Solar roadway forms decentralised power grid

Could our roads be the answer to environmentally-friendly living? One couple in Idaho thinks so.

Scott and Julie Brusaw have created a prototype for durable DIY driveway tiles that are fitted with solar panels. The tiles are heated in winter, to remove any ice or snow that may be covering the solar panels, and have 126 LED lights built into each of them to serve as driveway markers, or to display messages.

The tiles are hexagonal, which allows for flexibility over hills and around corners. They’re surfaced with an impact resistant glass, can sustain a 250,000 pound load, and have equal or better traction than a tarmac surface in all conditions. To demonstrate its durability, Scott Brusaw uploaded a video of him driving a tractor over the solar driveway.

Right now, the majority of our transportation network relies on fossil fuels. We deplete our resources when we build our roads, when we use them, and when we maintain them. Scott and Julie envision using our transportation infrastructure becoming a decentralised power grid, where surfaces like roads, driveways, and sidewalks are all covered with electricity-generating panels. They estimate that the average town has enough sealed square footage to generate more than enough electricity for average residential and commercial use, if the pavement was changed to solar tiles.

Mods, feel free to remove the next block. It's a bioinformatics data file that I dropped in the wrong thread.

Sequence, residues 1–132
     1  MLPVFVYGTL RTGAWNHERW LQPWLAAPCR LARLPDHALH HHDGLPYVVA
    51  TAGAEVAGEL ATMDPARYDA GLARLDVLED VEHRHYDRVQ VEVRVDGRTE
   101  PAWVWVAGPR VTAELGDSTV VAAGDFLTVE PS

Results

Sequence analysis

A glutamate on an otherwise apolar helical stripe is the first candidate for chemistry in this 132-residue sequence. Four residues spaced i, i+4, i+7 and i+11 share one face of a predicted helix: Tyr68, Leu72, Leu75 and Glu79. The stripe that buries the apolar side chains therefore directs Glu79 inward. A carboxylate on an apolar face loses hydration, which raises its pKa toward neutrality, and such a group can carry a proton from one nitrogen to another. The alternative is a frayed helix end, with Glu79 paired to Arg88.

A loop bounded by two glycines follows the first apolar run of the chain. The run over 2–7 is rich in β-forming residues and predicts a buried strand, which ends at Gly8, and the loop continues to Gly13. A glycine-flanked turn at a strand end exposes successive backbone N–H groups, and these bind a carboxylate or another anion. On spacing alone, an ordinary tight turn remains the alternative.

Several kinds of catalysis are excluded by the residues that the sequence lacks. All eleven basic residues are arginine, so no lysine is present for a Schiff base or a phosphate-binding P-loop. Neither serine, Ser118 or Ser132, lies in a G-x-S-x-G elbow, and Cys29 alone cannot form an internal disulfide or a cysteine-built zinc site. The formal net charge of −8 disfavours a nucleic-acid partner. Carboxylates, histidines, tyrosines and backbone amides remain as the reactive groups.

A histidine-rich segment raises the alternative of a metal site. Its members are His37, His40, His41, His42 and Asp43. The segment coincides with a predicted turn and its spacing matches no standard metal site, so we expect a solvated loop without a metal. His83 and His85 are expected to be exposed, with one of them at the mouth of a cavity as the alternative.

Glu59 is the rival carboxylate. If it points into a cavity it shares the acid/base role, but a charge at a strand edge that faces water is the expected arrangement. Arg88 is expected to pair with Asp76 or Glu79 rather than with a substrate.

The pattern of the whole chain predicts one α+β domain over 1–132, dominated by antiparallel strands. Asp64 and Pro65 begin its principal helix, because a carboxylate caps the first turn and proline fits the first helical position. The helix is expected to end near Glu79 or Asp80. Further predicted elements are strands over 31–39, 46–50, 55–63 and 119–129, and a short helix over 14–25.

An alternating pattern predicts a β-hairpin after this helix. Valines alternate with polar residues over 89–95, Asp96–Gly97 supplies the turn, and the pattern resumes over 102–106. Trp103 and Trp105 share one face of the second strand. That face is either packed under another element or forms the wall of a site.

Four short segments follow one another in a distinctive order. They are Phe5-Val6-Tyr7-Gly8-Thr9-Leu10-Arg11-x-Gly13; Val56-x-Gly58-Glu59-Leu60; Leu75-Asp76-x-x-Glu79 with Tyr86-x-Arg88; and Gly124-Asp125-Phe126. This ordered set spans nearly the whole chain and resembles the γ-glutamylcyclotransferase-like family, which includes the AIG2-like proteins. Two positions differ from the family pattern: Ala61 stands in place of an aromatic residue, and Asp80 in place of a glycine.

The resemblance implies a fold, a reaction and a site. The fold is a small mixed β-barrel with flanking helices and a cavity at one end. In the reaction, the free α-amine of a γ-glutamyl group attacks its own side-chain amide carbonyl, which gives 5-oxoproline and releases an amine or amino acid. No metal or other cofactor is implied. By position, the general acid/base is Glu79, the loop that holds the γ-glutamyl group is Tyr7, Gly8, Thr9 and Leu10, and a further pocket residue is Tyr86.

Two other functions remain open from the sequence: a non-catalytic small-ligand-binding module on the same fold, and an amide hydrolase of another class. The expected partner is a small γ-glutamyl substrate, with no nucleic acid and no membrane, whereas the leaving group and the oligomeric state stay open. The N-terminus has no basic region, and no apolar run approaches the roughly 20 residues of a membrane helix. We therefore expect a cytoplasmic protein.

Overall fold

The excess energy could go into powering motor vehicles and sustaining a digital infrastructure that communicates with fibre optics. Below is an artist’s rendition of what Sandpoint, Idaho, could look like with solar roadways.

It’s fascinating to say the least. In New Zealand alone, there is 94,160 km of sealed road, covering approximately 847,440,000 square meters. If 50% percent of those roads were covered with solar tiles, we’d have a 423.72 square km solar farm, which is 17 times bigger than the world’s largest solar power plant in California. It would generate about 18,632 GWh of power annually, which is a little under half of what New Zealand as a country consumes every year, at 38,564 GWh. Add sidewalks and rooftops to that, and we’d be able to begin shutting down some of our power plants.

That would make New Zealand the greenest country on earth, and it would solve a myriad of political issues.

To fund the project, Scott and Julie have received two large government grants, and have just launched an IndieGoGo campaign seeking $1 million USD. The money they receive will go into engineering the cells to be more efficient, and developing local factories which will create the tiles to be used in local areas, thus creating more local jobs worldwide.

There is no indication yet as to how much they’re expected to cost, but Scott and Julie say that, over their lifetimes, each tile will pay for itself with the electricity it produces.

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